Mr. Gummer

I think that the old saying, "Don't use it, lose it," is sensible in respect of shopping. The out-of-town shopping centre has provided an important tradition which many people want. It is a question of striking a balance. It is universally true that, in the city centres that the Labour party has controlled, decline and degradation have been the results of its period of office. Only now are we beginning, with taxpayers' money, to rejuvenate our city centres as I have described.

Mr. Fabricant

Is my right hon. Friend aware that traders in the centre of Lichfield are heartened by today's news that retail sales are at their highest for more than 12 months? Is he further aware that retail sales will be enhanced by the fact that unemployment is the lowest it has been in three years?

Mr. Gummer

I am sure that the increasingly good economic news will be welcomed by those who want to expand their businesses. I want those businesses to expand in the centres of our cities and market towns, so that we can return to the vibrant communities which are so much a mark of Conservative communities and so much abhorred by the Labour party.

Mr. Merchant

Will my right hon. Friend consider in particular the problems caused by traffic and parking where so-called out-of-town development occurs on brown-field sites of the sort mentioned by the hon. Member for Lewisham, West (Mr. Dowd)? His constituents and mine are affected by a major development at Bell green, Lewisham that poses the danger of having such an impact. I compliment the hon. Member for Lewisham, West on the assiduity with which he has pursued the concerns of his constituents and mine. Wider issues are at stake, and perhaps my right hon. Friend will examine them.

Mr. Gummer

I cannot comment on the particular example that my hon. Friend mentioned, but it is essential to ensure that proper provision for cars and parking is made in city centre developments. I want people to be able to choose whether to use a car to shop.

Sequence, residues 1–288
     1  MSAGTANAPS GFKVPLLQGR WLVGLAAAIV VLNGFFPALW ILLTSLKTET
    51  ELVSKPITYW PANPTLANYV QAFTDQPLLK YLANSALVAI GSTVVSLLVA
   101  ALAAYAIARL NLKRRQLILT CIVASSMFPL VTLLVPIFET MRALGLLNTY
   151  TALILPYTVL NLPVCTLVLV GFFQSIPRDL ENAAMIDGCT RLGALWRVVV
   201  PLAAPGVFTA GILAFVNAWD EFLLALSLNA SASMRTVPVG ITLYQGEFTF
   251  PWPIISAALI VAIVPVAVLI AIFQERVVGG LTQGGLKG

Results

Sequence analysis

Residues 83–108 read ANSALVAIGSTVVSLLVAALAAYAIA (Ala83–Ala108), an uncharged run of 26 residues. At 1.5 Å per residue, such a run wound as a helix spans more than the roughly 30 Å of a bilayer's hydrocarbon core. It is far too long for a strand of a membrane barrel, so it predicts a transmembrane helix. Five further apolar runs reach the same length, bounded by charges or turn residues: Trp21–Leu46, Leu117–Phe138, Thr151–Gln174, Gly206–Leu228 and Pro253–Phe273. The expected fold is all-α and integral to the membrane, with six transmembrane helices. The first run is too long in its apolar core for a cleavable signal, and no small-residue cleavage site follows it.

Mr. Vaz

Every time the Secretary of State speaks on this issue in the House, he leaves Government policy in utter confusion. Will the right hon. Gentleman simply tell the House whether he is in favour of out-of-town developments or against them? If he is in favour, how will he halt the decline of our town and city centres? If he is against, how will he ensure proper investment in town centre management? Is this just another two-faced policy from a two-faced Government?

Mr. Gummer

The hon. Gentleman has been lauded in the newspapers as a reasonable and polite person, but he is being neither on this occasion. He knows perfectly well that he can like both apples and pears but need not say that he dislikes either of them. Out-of-town shopping development has been necessary and needed, but perhaps the hon. Gentleman is saying to his constituents that they may not shop at a superstore. We need to get the balance right. It has moved too much to the out-of-town shopping centre, and I want to move it back to the city centre. Most people, but not the hon. Gentleman, view that as a balanced and sensible policy. The trouble with Labour is that it goes to extremes on everything—even shopping.